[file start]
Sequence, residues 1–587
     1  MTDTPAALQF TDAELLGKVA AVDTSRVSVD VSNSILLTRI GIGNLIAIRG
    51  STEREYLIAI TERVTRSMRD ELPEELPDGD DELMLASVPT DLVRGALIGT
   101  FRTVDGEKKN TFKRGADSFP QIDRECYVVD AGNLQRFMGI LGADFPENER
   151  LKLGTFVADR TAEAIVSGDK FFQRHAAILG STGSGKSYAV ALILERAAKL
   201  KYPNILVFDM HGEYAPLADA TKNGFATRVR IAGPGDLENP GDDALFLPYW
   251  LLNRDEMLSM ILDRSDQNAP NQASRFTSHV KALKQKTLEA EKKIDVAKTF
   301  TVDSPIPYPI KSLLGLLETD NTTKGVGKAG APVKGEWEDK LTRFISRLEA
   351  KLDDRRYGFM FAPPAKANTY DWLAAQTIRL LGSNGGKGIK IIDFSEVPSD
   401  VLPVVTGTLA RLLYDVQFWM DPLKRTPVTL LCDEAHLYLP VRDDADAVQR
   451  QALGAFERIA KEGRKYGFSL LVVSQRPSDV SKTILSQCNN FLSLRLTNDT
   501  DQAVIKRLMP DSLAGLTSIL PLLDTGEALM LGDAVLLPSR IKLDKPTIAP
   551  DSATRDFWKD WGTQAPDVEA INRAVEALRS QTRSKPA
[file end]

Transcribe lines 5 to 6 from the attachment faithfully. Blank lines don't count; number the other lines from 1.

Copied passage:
   151  LKLGTFVADR TAEAIVSGDK FFQRHAAILG STGSGKSYAV ALILERAAKL
   201  KYPNILVFDM HGEYAPLADA TKNGFATRVR IAGPGDLENP GDDALFLPYW